Allyson Wilson, a Washington, D.C., resident and mom of three, says her high-stress, demanding job as the director of digital strategy and content marketing for the American Chemistry Council made the pandemic that much harder. Last March her company went fully remote, and she started to work at home with her 7-year-old daughter and 13- and 15-year-old sons.

“From March to the end of May was hell on earth,” she says. “I’d be on calls, and all of a sudden my daughter would be yelling, and I’d have to get up, even with a vice president on Zoom.”

Wilson’s husband works outside of the home, so Wilson found herself in charge of running their household while struggling with anxiety. After a few months, she reached out to her parents, who had recently moved to Virginia Beach.

Since August, Wilson and her two youngest children have lived in Virginia Beach with their parents, while her husband and older son have stayed in Washington, D.C. Her younger son, a nationally ranked competitive swimmer, has gotten more pool time there, and her parents have helped home-school her daughter. Even though she misses her husband and eldest son, Wilson says she’s found the situation to be surprisingly positive.

According to a 2020 report from Real Trends, which tracks real estate and home buying trends, over 40% of Americans now buy a house with multigenerational living in mind. The report cites a sense of isolation as a major reason. “Moving in together may be an attempt for some to regain a sense of community in a society that can sometimes feel disconnected,” the authors write, also noting that multigenerational living is a cultural norm in many Hispanic and Asian American households.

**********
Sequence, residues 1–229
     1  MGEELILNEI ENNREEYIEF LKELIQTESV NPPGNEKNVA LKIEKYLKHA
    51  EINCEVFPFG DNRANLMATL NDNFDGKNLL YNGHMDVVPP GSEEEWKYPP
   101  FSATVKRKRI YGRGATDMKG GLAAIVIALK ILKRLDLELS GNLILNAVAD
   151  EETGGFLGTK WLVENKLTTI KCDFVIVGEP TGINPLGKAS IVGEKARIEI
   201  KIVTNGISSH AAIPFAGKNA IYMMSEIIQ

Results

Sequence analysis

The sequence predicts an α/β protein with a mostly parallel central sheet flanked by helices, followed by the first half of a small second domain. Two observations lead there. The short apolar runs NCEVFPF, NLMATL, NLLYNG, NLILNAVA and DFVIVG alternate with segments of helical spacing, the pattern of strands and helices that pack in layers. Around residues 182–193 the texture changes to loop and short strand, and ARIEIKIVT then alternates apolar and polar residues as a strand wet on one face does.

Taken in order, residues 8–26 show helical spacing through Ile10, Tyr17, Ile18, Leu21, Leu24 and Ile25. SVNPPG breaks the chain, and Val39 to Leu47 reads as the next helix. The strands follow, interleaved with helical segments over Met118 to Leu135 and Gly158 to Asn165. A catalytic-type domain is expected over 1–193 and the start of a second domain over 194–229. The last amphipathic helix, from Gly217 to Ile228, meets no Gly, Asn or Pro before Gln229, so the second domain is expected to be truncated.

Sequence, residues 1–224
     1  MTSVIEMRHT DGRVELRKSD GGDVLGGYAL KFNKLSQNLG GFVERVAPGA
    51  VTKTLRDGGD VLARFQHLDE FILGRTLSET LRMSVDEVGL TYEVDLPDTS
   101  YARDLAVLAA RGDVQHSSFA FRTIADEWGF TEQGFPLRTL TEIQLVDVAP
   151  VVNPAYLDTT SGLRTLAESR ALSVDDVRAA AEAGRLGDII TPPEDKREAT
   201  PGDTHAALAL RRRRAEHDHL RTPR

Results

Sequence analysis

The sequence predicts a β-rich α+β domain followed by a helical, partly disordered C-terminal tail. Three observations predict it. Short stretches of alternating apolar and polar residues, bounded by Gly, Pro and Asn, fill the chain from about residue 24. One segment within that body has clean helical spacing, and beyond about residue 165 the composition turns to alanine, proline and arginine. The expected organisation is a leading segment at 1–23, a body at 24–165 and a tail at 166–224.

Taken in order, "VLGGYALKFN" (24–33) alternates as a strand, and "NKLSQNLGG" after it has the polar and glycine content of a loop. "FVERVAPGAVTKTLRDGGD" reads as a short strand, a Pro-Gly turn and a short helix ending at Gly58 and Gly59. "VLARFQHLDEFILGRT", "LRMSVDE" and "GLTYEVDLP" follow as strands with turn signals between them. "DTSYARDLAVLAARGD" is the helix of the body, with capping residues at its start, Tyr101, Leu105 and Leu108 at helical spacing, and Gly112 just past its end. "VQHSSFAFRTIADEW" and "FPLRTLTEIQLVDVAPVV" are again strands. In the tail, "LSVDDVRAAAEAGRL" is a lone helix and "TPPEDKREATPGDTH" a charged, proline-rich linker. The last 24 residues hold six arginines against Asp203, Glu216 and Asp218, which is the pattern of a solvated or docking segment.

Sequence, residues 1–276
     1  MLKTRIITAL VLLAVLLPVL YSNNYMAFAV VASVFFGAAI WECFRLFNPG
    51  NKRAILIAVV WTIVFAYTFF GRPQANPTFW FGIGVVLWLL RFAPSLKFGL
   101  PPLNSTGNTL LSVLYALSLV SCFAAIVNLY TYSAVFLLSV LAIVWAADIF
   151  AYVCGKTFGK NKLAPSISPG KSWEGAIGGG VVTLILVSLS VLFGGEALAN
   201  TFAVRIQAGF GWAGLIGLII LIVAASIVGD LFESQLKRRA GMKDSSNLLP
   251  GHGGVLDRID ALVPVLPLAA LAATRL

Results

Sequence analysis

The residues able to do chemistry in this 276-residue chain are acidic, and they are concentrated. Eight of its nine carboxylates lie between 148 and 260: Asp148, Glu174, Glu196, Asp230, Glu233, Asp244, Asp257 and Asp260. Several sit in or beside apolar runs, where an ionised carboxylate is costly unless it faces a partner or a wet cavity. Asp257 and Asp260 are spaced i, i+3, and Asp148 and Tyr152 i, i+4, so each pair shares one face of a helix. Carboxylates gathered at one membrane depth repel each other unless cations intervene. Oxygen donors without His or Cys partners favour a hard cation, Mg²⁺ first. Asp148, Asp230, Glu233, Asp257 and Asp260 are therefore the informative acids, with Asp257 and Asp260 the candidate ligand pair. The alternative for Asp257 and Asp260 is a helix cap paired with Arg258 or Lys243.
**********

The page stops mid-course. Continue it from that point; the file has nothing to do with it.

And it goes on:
Kristen Jeffers, the founder and editor-in-chief of The Black Urbanist, predicts that real estate developers and builders will start to capitalize on this move toward multigenerational living too, especially once COVID-19 passes.

“[They’ll need to think] seriously about making larger apartments, row or townhomes, and even duplexes and large single-family homes on smaller, transit-connected lots — say, with three to five bedrooms,” she says. Jeffers predicts that a turn toward community and family support will also impact other parts of our urban structure, from building codes to mortgage agreements.

Real Trends predicts an increased interest in homes with in-law suites and soundproofing, which allow modern families to live together while maintaining privacy. The report also anticipates that future homes might be designed with smaller bedrooms and larger common areas, and with plenty of storage space.

Wilson and Raff both say they didn’t seriously consider living with extended family long-term until COVID-19 presented a need. Now, for both of them, there’s no going back. In fact, Wilson has enjoyed her time with her parents so much, she’s talking with her husband about setting up a permanent area for them in her D.C. home.

“My parents have enjoyed it too,” Wilson says. “They get to spend more time with their grandkids, my mom and I switch off who cooks, and we have this neat little multigenerational living set up.”

Published on

Jenni Gritters is a writer based in Seattle. She’s been published in The New York Times, Slate, and Outside magazine.

 

Illustration by Emma Roulette

Humans+Robots

This scientist sees a way to spot the next pandemic

Alessandro Vespignani sounded an early alarm in the coronavirus crisis. Now he wants us to build an early-warning system.

By Erick Trickey